In his first State of the County address, Shelby County Mayor Lee Harris voiced his intention to ask the Shelby County Commission to invest in public transit for the first time.
“Public transit is one of the most important assets we have,” Harris said in a packed theater in the Halloran Centre on South Main St. on Friday afternoon. “It is one of the best ways to spur economic development. It’s one of the only ways to have a broad impact on thousands and thousands of citizens in our community.”
Harris said his plan would address levels of investment in Memphis Area Transit Authority (MATA) and “set some reasonable expectations. MATA, he said, as seven million riders a year and demands for millions more. He put that in the context of about 1 million annual visitors to the Memphis Zoo, about 500,000 to Graceland and three million to Shelby Farms.
“Thus, if we can increase revenue to public transit we can change the lives of many, many families,” said Harris.
His proposal to the commission will recommend a phased-in approach, similar to investments in other shared community priorities such as pre-K.
The county wants a seat on the MATA board of directors, said Harris, but the city should continue to control and run the service. Some times when two governments are in charge that can mean, “no one is in charge,” Harris said.
What’s been done
Frequently interrupted by applause, Harris listed some of his administration’s early accomplishments.
“We have recruited top talent in important leadership positions, including our CAO Patrice Thomas,” he said. “We have raised the pay of our part-time county employees to $15 an hour and we plan to push to make sure that more county employees — like the Shelby County Schools cafeteria workers — are paid a living wage.”
The county has eliminated the cost of phone calls for children in detention, Harris said, “because we want to make sure kids who are caught on the wrong side of the law get a chance to stay in contact with their parents.”
Harris said he has worked with the City of Memphis to submit a plan to make sure that every child, regardless of household income, has access to high quality, early childhood education.
On jail overcrowding, Harris said he is looking at ways that the bail bond system can be improved. He said many of the inmates in the county jail have been judged as no risk to the public, but don’t have the money for bond.
“This means that in many ways we are punishing people for merely being poor,” Harris said.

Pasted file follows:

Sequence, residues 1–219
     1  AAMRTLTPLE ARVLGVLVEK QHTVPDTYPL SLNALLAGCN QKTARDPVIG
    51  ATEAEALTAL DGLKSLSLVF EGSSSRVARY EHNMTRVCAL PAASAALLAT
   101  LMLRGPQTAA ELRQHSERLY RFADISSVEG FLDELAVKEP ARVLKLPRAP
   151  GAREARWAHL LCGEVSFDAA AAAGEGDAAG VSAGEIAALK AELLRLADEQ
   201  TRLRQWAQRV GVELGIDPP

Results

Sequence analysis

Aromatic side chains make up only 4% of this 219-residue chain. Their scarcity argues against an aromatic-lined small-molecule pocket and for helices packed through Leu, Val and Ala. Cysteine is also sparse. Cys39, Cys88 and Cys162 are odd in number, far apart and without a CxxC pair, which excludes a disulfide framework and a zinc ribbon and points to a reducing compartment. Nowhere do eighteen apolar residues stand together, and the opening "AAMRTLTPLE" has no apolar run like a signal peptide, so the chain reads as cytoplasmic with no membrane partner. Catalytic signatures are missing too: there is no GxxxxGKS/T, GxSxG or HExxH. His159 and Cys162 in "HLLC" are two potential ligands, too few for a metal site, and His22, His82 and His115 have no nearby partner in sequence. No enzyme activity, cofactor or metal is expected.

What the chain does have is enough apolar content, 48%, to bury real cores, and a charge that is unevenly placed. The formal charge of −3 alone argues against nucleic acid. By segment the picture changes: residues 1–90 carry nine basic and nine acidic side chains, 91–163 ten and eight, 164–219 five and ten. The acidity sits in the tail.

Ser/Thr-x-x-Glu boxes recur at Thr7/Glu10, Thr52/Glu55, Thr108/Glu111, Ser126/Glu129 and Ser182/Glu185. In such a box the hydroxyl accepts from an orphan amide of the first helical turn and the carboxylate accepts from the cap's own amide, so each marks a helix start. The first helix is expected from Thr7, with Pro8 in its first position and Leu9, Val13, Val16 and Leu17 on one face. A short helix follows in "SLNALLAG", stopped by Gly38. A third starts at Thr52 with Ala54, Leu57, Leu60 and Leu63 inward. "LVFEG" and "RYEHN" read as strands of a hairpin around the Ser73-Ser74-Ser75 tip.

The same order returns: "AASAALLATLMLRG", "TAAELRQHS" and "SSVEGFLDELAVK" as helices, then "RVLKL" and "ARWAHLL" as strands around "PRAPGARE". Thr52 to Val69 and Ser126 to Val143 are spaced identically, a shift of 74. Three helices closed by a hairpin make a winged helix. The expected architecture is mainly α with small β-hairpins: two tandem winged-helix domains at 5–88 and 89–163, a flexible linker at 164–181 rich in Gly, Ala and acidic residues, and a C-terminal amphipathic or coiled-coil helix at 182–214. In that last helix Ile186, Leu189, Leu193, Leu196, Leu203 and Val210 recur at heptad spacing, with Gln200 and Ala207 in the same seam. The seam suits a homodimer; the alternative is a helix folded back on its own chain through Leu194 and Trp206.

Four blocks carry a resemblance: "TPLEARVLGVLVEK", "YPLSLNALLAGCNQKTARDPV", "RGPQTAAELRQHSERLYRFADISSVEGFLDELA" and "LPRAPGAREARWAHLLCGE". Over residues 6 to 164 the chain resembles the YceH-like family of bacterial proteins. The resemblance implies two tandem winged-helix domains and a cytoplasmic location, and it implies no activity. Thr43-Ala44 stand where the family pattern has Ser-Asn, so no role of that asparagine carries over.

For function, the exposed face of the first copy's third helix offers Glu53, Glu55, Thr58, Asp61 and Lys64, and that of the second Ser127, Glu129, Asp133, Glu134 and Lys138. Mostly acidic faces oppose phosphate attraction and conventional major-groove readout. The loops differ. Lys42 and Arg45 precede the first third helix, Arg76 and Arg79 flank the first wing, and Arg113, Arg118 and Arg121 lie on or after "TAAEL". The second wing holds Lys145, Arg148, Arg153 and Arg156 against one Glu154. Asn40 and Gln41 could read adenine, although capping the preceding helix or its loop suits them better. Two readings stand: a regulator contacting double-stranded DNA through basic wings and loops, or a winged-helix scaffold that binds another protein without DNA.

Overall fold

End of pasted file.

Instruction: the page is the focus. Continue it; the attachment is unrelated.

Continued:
On ways to reduce crime and recidivism among ex-offenders, Harris said the Office of Re-Entry, which helps offenders who are returning to communities after prison, would ask the county commission for new investments later this year.
“We want to be in a position to start new programs to help these ex-offenders get the training they’ll need to get a job or create a job,” Harris said.
Also later this year, plans will be announced to turn part of the campus at the Office of Re-Entry into a place where ex-offenders can learn a vocational skill and earn certification that makes them more job ready.
The jury is still out on whether government officials can create more jobs, referring to tax breaks and other incentives that governments provide to help sweeten the pot in attracting new industry.
“Call me an old-fashioned, free-market conservative Democrat who represents working people. I don’t believe governments should be in the business of picking winners and losers,” Harris said.
He favors investment in public assets and in people over tax breaks when it comes to economic development.
“That means we should invest more in work force. … We should make sure that our community is full of individuals with skills that employers find in-demand. If we do that, the rest will take care of itself.”
His administration is prioritizing the work of WIN and the American Job Center in its effort to help job-seekers, said Harris, noting that the county recently opened a third American Job.
Harris said his administration is working with the Shelby County District Attorney’s office on using a new tool – the Public Safety Assessment – that is designed to help courts determine if someone is a threat to the public or unlikely to show up in court.
And for juveniles, “…we’re working hard to eliminate detention and when we have to detain we’re going to focus like a laser on rehabilitation,” he said.
The county also will use a Youth Assessment Center, a pilot program, as an alternative to the juvenile justice system for some children who commit minor offenses.
Overall, the state of the county is strong and “there are communities all over the country that want to emulate us,” Harris said.
Shelby County County Commissioner Willie Brooks said Harris gave a great speech. “We will be working with him to be sure we are doing our part.”
Zeroing in on juvenile justice reform, Brooks said, “It’s important that we partner with organizations that have that expertise and be able to measure and track. Otherwise, we will be back in the same situation.”
The Rev. Dr. Earle J. Fisher, senior pastor of Abyssinian Baptist Church and founder of #UPTheVote901, said Harris “hit all the right notes” in his speech.
“…I am from a grassroots perspective … concerned about which line items get priorities over the others,” Fisher said. “I think the juvenile assessment center is much more critical right now than another juvenile detention center. I would like to see that moved up front.”
Shelby County Commissioner Tami Sawyer said, “I appreciate that he talked about ending cash money bail. …I appreciate that he announced that he’s bringing a proposal to the commission about funding for MATA. For me, these are starts that are good….”